Laws and policies the government has enacted to fight crime are hampering efforts to combat public health threats, including HIV/AIDS, and are leading to human rights abuses, speakers at a forum involving civil society and government officials said yesterday.
“We think that the laws cracking down on drug and human trafficking remain problematic because after their enforcement, we see that condom distribution has gone down and sexually transmitted disease is on the rise,” public health expert Kem Ley told the forum. “Service to treat sexually transmitted disease has decreased and sex workers are in danger.”
Health officials identified the 2008 Law on the Suppression of Human Trafficking and Sexual Exploitation, the 2005 Law on the Control of Drugs and the 2010 village and commune safety guidelines as containing articles and points that have led to harmful consequences in terms of public health and human rights.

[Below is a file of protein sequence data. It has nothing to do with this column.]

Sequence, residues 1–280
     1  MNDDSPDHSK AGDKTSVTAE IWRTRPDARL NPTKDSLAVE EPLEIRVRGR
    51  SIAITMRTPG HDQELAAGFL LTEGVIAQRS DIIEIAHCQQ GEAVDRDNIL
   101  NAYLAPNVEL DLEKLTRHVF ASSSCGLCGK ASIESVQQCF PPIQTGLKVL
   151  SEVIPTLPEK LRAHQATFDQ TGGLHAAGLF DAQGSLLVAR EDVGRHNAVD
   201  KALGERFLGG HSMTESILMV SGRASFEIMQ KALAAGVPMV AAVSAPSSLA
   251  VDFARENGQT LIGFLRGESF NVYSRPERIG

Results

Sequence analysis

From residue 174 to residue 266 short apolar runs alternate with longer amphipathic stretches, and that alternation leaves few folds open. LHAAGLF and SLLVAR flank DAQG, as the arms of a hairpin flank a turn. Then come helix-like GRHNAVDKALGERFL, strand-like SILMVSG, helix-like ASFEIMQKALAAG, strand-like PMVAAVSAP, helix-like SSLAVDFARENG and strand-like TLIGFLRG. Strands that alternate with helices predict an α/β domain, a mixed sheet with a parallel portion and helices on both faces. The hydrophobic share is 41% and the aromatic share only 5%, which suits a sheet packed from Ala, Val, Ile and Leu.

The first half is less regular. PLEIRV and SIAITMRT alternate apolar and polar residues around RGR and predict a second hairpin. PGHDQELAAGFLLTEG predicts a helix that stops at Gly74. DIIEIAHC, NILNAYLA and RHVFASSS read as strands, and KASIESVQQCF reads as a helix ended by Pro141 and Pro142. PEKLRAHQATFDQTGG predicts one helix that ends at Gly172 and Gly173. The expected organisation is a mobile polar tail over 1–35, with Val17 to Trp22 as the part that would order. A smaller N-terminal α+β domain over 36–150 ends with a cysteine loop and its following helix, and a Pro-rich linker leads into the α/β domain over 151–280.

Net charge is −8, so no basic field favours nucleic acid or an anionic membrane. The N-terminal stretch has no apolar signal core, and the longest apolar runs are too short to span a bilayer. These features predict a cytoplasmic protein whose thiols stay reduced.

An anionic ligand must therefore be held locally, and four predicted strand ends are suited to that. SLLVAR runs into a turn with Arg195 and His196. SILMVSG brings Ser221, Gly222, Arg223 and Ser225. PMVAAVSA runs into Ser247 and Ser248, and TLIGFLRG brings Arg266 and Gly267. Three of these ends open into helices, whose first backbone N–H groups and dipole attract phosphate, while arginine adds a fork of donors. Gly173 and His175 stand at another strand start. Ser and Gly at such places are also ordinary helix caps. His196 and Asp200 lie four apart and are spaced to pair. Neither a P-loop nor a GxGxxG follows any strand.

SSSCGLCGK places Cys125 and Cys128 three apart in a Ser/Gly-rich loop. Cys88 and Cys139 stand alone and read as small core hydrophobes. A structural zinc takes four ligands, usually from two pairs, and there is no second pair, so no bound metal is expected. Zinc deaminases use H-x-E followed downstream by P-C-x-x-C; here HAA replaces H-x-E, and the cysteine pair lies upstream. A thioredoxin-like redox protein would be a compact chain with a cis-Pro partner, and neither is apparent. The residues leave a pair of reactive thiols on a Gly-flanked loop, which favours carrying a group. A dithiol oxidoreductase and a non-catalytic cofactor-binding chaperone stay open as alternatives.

Kem Ley said the implementation of the village and commune safety policy had encouraged local authorities to rid their villages and communes of drug use and sex trafficking, but certain groups had been victimised.
Sex work is confused with human trafficking, and police crack down harder on sex workers as a result, he said, adding the drug law blurred the lines between users, traffickers and producers.
Ten Borany, deputy director of the Interior Ministry’s anti-human trafficking and juvenile protection department, said the forum was too negative.
“After being rescued from brothels, sex workers are treated as victims not criminals, while crackdowns follow a complaint or a report about illegal human detention.”